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Abstract : Background: Radiographic guided percutaneous gastrostomy has become a safe and effective enteral nutrition method for patients who can not eat by mouth. Fluoroscopy, computed tomography (CT) and cone-beam CT have been routinely used clinically. The aim of this study was to compare the advantages and disadvantages of percutaneous gastrostomy using different radiographic guided methods. Methods: We retrospectively analyzed the clinical data of 538 patients undergoing percutaneous gastrostomy in our department. According to the image guidance method used in gastrostomy, the patients were divided into groups A by fluoroscopy guidance, group B by fluoroscopy combined with C-arm CT guidance, and group C with the whole process CT guidance. The gastrostomy success rate, complication rate, procedure time, and patient radiation dose were analyzed in the three groups. Results: Among 538 patients, 534 were successful and the success rates are 94.3%, 99.3%, and 100% in group A, B, and C, respectively (P > 0.05). There were 3 cases occurred postoperative bleeding as serious adverse events and transferred to surgical gastrostomy. The minor complications include local infection, hyperplasia of granulation tissue, tube obstruction or prolapse, and local pain of the ostomy. The minor complication rates were 10.5%, 10.4%, and 7.7% in group A, B, and C, respectively (P > 0.05). The average procedure time was 25.57 ± 5.99 minutes, 29.01 ± 6.63 minutes, and 45.47 ± 8.98 minutes, respectively (χ2 = 87.98, P < 0.001). The average radiation dosage was 27.30 ± 19.27 mGy, 145.07 ± 106.08 mGy, and 2,590.26 ± 1,088.22 mGy, respectively (χ2 = 204.44, P < 0.001). Conclusion: There were no significant differences in the success rates and complication rates of gastrostomy under the three guiding methods. For difficult cases, CT-guided gastrostomy may be a very useful supplemental method.
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Abstract : Background: Percutaneous radiologic gastrostomy (PRG) was considered as an alternative technique for long-term enteral nutrition, and the current study is aimed to evaluate the feasibility and safety of this technique in patients with amyotrophic lateral sclerosis (ALS) at a single medical center. Methods: From July 2017 to October 2020, a total of 14 patients underwent PRG with ALS were included in this retrospective study with a median age of 64.0 years, and 78.6% were male. The procedure comprised a dilation of the stomach via a nasogastric catheter, followed by puncture and gastrostomy tube placement under fluoroscopic guidance. The technical success rate and clinical outcomes were recorded over 3 months following the procedure. Results: The technical success rate was 100%. During the follow-up period, minor complications were reported in 2 of patients (14.3%) including superficial skin infection and early tube block. Neither major complications nor mortality were observed. Body mass index of the patients increased significantly from 16.4 ± 2.1 kg/m2 to 17.1 ± 2.0 kg/m2 (t = –13.77; P < 0.001), and the albumin level increased significantly from 37.5 ± 2.3 g/L to 41.8 ± 1.6 g/L (t = –8.82, P < 0.001). Conclusion: PRG is a relatively safe and effective method for ALS patients, and deserves widespread clinical acceptance.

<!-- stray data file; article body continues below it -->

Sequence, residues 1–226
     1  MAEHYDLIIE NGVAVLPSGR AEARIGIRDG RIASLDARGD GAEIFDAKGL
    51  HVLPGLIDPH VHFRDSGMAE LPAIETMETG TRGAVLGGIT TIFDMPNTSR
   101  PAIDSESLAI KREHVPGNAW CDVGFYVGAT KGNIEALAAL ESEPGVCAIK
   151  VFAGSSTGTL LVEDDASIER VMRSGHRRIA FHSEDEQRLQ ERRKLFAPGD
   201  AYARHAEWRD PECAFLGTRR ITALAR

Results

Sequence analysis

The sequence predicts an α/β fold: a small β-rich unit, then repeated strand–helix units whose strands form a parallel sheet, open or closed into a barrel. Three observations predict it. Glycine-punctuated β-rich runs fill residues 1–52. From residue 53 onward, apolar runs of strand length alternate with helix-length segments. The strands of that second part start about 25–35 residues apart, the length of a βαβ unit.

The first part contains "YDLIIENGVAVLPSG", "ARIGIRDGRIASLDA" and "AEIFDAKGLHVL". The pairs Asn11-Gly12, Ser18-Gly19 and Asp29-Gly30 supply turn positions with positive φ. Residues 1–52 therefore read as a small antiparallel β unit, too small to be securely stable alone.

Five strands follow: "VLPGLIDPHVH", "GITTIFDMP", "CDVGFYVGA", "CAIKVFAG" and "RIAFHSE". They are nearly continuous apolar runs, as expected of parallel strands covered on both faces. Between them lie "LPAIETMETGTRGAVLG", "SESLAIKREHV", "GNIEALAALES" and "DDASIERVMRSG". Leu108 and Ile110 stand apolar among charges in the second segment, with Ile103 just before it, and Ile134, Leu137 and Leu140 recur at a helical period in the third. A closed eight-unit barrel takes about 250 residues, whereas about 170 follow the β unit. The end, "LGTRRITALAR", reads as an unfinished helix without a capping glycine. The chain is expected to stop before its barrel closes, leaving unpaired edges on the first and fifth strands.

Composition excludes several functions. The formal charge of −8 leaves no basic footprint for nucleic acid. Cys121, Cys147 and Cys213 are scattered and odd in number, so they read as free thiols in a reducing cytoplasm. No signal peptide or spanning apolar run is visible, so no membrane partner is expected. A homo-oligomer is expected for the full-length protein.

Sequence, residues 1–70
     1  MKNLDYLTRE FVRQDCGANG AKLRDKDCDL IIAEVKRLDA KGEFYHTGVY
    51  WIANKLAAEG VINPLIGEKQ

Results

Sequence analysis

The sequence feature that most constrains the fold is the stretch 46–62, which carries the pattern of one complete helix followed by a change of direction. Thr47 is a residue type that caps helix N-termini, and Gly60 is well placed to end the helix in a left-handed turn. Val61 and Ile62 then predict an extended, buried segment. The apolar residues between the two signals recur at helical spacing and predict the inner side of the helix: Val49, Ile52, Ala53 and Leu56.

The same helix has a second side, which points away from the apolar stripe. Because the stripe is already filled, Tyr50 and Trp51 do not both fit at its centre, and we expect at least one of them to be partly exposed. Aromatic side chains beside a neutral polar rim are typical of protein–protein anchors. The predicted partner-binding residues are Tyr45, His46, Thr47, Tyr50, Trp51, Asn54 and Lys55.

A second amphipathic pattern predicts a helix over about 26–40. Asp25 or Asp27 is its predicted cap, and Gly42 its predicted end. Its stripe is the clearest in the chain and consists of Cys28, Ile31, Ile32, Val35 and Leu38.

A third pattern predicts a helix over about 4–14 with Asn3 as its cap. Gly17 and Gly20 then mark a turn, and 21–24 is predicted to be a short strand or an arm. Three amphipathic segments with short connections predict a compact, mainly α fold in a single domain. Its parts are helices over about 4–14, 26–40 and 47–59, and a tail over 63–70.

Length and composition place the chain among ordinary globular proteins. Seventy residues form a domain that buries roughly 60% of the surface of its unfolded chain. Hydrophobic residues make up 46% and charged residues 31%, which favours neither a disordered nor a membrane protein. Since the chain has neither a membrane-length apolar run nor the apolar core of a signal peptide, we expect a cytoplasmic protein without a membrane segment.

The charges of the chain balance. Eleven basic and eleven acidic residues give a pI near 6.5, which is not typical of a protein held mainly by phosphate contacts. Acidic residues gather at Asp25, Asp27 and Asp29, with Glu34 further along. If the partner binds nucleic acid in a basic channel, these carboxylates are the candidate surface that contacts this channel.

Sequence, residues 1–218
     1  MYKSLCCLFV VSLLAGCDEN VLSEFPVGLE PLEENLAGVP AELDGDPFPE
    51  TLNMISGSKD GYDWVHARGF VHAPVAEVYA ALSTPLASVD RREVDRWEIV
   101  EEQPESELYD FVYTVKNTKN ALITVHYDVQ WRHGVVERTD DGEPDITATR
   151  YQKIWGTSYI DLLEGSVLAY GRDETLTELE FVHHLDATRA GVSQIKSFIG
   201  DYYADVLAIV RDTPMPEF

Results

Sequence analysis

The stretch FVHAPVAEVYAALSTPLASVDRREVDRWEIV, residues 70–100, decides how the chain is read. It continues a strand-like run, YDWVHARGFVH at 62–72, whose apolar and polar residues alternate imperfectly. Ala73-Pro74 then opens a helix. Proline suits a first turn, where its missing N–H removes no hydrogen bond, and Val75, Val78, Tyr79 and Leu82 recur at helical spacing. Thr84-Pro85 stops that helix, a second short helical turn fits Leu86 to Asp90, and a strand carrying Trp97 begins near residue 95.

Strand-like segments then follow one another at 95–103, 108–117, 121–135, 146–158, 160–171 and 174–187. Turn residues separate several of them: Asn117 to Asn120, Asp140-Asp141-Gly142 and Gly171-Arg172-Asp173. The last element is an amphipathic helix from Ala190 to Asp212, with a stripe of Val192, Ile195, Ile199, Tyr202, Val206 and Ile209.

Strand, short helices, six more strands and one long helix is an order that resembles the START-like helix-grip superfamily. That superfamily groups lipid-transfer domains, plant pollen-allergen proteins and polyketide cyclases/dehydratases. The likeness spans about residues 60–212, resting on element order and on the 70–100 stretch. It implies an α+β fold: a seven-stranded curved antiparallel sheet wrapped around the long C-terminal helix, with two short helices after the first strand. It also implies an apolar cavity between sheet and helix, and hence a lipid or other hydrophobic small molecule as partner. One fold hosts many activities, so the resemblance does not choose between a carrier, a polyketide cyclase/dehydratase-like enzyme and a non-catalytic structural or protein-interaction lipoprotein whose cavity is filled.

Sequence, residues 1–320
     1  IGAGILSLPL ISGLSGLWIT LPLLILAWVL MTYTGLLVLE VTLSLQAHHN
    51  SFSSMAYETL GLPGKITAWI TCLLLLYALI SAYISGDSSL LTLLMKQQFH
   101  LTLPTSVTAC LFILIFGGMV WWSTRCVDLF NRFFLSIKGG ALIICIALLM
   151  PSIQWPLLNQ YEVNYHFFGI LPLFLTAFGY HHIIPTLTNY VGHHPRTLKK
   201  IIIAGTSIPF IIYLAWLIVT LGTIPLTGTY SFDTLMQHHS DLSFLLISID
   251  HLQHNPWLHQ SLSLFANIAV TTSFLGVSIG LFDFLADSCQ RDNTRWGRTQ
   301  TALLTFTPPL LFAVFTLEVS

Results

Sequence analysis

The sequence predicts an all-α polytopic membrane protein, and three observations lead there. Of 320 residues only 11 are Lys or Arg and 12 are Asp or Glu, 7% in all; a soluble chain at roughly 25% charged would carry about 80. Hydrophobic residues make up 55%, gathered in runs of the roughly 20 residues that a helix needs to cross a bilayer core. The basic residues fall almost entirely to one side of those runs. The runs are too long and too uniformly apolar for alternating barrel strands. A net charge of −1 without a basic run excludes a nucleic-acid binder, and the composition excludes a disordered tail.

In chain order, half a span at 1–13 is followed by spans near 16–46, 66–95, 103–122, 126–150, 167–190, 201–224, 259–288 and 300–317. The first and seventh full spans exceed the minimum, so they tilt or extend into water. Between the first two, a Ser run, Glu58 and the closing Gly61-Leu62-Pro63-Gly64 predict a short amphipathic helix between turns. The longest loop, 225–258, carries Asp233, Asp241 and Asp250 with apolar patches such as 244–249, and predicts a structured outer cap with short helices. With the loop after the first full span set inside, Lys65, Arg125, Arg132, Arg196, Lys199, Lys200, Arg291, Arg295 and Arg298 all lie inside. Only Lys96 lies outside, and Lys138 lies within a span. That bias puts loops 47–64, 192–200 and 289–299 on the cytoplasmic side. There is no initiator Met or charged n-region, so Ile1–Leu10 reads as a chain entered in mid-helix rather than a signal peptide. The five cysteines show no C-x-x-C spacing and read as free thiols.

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Abstract : Left-sided portal hypertension following pancreaticoduodenectomy (PD) with portal vein resection and splenic vein ligation may cause ectopic variceal formation, potentially resulting in life-threatening bleeding. We report of a 79-year-old male suffering from severe anemia and melena after PD. Emergency endoscopy and contrast-enhanced computed tomography (CECT) revealed ectopic varices at the anastomosis site of pancreaticojejunostomy. An interventional radiology approach was preferred over surgical and endoscopic treatment because of the poor general condition and altered anatomy. In the first procedure, percutaneous transhepatic retrograde obliteration was performed using the coaxial double balloon-occlusion technique. Although hemostasis was obtained, re-bleeding occurred two months later. CECT revealed the development of another collateral pathway and the recurrence of varices. Insufficient embolization of the afferent vein was considered the cause of recurrence. Therefore, a percutaneous transsplenic approach was used, and complete embolization of varices was achieved. When transhepatic retrograde obliteration is not effective, transsplenic antegrade obliteration can be a useful therapeutic option.
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Abstract : Esophageal cancer is one of the lethal malignant tumors because it is often diagnosed in the advanced stage with lymph node or distant metastasis. The recurrence rate of esophageal cancer is known to be about 40% to 50% even in the patients who underwent curative esophageal resection. Most frequent sites of metastases are known to be the liver. Furthermore, other distant metastases also could be developed in lung, bone, brain, kidney, adrenal, abdominal cavity, and skin. However, ampulla of Vater (AoV) metastasis rarely occurs from esophageal cancer. Therefore, we report herein a case of AoV metastasis from squamous cell carcinoma of the esophagus.
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Abstract : Foreign bodies in common bile duct (CBD) are rare. Obstructive jaundice in patients who have undergone cholecystectomy may be due to a variety of causes. Common causes of obstruction in these cases are residual stones, inflammatory or ischaemic strictures following CBD injury during cholecystectomy or malignant strictures. Foreign bodies in the bile duct in these post cholecystectomy patients are known but reported very rarely. Clinical features and biochemistry of these patients are no different than those due to other causes mentioned above. Imaging studies will show obstruction due to stones or sludge or narrowing but may not give conclusive diagnosis of a foreign body. Endoscopic ultrasound is helpful in these cases as it shows a hyperechoic foreign body within the stone if the substance is a metallic clip. In our current case series, we are presenting eight such cases with post cholecystectomy foreign bodies, in the form of materials used for ligating or clipping the cystic duct before transection during cholecystectomy, or a mistakenly left behind gauze piece, migrating into the bile duct and forming a nidus for stone formation and causing CBD obstruction. To conclude, if a patient presents with biliary obstruction with a history of cholecystectomy, the possibility of foreign body in the CBD must be considered as a possible differential diagnosis.